Dreadlocked Lines

The coffee shop isn’t too crowded.  There’s a middle aged couple at the far corner talking in hushed tones. A young woman wearing a blue niqab that reminds me of my high school classmate and swimming partner from all those years ago is seated two tables away from me. Blue Niqab is reading The Bell Jar by Sylvia Plath. I can barely read the title from where I sit but I recognize the cover with its multi-colored quadrilaterals and the lady holding an umbrella. The book on the shelf in my living room has the same cover.

It occurs to me that I’d rather be anywhere but a scantily populated coffee shop on a Saturday morning. As a matter of fact, I know I would still hate being at the coffee shop if there were more people. I just hate coffee shops. Period.

But I did promise to be here. So I take a deep breath, another of many that I have been taking to try and steel my nerves, stop the racing of my heart, dry the palms of my clammy cold hands. It hasn’t worked so far.  I look at the coffee in front of me, the cute heart design on the froth sinking into the milky base with every second I wait.

Maybe, I should leave. I look around, wonder for a moment what the people watching me might think, wonder why they would care, wonder why they would be watching me instead of minding their own business… The crazy little thoughts ping pong in my mind and I almost laugh at the ridiculousness of it. So I continue sitting, back ramrod straight, just staring at the coffee.

I blink.

And then there she is, walking towards me, tall, with an air of superiority about her, her dancer’s hips encased in faded blue jeans that disappear into suede calf high boots. God, she is tall! I raise my eyes, I can now see her smile, and peripherally her long dreadlocked hair. I always wanted dreadlocks. I just never made the effort to go get them. They look nice against her éclair brown skin.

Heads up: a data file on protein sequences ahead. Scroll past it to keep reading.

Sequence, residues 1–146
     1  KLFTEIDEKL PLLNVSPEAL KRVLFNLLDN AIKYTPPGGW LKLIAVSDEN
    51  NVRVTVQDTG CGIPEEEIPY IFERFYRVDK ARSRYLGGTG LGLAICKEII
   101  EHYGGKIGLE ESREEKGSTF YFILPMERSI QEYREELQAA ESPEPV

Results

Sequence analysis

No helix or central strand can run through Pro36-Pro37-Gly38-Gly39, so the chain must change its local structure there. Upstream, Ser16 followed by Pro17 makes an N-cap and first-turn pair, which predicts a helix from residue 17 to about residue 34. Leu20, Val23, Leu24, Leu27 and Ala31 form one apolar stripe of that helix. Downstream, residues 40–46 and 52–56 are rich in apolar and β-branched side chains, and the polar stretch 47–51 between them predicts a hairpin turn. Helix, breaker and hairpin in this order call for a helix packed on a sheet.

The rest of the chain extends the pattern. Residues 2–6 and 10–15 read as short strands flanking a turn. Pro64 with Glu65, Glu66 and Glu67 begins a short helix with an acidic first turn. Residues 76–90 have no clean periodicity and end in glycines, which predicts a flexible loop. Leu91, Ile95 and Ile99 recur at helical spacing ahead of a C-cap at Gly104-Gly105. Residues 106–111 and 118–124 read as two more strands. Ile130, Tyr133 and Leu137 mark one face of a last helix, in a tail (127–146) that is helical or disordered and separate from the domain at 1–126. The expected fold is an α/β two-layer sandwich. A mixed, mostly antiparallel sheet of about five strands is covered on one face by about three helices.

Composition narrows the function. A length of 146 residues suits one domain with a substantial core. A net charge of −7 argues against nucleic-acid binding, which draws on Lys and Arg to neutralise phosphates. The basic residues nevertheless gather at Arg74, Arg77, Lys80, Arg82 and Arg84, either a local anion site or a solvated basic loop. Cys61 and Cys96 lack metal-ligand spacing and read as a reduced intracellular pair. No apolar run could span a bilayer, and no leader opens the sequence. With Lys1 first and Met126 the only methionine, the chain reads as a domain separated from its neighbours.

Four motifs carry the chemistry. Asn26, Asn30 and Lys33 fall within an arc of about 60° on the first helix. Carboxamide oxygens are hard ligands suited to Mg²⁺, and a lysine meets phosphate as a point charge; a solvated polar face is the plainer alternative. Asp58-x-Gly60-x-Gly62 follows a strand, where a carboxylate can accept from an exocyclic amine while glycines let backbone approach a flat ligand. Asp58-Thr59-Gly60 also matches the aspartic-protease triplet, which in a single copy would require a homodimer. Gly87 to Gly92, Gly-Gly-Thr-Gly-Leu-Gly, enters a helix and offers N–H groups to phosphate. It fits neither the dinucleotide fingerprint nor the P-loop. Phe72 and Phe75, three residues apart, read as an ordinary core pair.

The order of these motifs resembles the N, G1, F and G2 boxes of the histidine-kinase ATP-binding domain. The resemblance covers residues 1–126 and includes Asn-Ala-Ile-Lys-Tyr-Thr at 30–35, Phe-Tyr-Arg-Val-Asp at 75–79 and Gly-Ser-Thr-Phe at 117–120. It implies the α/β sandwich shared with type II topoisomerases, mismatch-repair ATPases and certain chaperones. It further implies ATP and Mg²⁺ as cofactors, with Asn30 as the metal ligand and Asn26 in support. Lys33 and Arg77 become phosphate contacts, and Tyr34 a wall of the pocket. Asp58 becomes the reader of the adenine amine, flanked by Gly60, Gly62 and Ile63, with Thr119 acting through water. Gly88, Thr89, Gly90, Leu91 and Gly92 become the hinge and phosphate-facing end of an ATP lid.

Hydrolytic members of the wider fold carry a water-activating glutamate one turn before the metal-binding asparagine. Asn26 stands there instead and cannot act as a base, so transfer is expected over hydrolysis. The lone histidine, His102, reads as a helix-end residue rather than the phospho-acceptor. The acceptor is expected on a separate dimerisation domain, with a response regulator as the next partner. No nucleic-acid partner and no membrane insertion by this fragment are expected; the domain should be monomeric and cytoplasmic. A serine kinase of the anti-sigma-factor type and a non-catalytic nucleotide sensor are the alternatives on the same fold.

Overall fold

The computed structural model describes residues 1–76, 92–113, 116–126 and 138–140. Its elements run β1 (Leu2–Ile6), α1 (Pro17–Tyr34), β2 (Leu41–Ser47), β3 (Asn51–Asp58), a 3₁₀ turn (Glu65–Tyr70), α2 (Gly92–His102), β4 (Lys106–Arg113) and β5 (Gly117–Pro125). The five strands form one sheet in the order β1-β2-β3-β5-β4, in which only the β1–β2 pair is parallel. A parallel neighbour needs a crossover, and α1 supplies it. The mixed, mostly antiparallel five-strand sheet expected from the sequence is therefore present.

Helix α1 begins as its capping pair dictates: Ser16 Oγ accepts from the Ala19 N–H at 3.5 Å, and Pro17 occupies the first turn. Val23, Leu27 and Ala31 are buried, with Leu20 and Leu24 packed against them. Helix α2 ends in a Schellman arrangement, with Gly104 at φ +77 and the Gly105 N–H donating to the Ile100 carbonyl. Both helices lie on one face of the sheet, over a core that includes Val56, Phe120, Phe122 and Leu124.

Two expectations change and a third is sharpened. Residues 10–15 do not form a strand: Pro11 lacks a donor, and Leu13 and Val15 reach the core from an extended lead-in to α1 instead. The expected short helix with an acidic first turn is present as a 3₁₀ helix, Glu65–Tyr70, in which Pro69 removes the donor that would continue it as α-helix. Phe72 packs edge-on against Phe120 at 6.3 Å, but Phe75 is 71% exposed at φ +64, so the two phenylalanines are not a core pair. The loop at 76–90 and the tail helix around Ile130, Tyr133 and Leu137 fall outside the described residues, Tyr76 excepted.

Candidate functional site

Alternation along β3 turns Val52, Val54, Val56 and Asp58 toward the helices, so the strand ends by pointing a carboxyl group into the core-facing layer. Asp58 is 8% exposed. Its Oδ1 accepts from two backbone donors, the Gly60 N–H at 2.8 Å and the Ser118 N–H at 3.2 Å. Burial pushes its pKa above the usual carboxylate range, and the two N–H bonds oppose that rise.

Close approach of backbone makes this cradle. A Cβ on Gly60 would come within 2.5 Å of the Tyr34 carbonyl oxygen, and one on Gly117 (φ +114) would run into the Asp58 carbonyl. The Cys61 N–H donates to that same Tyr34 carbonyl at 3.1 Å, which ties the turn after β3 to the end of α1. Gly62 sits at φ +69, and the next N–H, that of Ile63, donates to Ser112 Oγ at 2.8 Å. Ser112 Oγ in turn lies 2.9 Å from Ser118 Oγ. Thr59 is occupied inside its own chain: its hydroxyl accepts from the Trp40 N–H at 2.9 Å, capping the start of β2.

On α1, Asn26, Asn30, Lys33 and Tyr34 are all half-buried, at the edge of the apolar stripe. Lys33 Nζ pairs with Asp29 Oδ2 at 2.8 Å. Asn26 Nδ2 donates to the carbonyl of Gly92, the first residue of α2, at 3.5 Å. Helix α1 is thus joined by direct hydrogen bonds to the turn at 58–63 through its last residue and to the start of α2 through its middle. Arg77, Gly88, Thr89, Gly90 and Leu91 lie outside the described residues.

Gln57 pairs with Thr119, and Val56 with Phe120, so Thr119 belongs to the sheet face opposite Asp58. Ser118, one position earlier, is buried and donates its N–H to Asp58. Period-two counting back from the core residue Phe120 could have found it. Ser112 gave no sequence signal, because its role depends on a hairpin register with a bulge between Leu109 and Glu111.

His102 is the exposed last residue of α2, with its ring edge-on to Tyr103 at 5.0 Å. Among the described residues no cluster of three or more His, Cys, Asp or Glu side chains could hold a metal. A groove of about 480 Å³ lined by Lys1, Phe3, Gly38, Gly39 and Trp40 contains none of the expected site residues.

She is upon me with another blink. I stand; my hand extends of its own accord to offer a handshake. I realise she is closing in for a hug. And then she is hugging me. For a half moment I see the lines in her face. The picture on Facebook of her with the Martin Luther King Memorial in the backdrop made her look as young as the teenage boy and girl standing with her. A son and daughter the captions and comments had explained.

I can smell her perfume; it is nice, hints of both fruit and flowers, definitely lavender. I like her perfume. Then I feel the anger rushing in. It is brimming hot and quickly overpowers the fruity and floral scent. I think I can’t breathe. I really can’t breathe. She says something; I can’t make out what she says. All I can hear is a garbled sound that makes my head hurt. She leans in, bending her knees as she does, and speaks again. I still can’t hear what she says. I can’t even see her clearly anymore. She is just a silhouette now, with a fiery red aura.

I can’t take it anymore. There is a ringing in my ears, a pain in my head that I don’t want to feel anymore. She is talking. She is still talking; why will she not just shut up? I want her to be quiet, for just a moment, so I can think, so I can bring my mind under control again. But I still hear the garbled sound coming from her.

I just can’t take it anymore. My hands close around the serviette wrapped knife and fork that the waitress placed on the table for some reason. An inane thought crossed my mind; shouldn’t the fork be delivered along with the food, or at least just before the food is served?

And right then a gust of clean, calm coolness sweeps into my mind. My heart slows down. The aura dissipates. My hand lets go of the knife and fork. My hands are still cold and clammy, but they are not shaking now. And I can hear her words.

“Oh my gad, it is such a long time since I’ve been in a café in Nairobi!”

© Juliet Maruru

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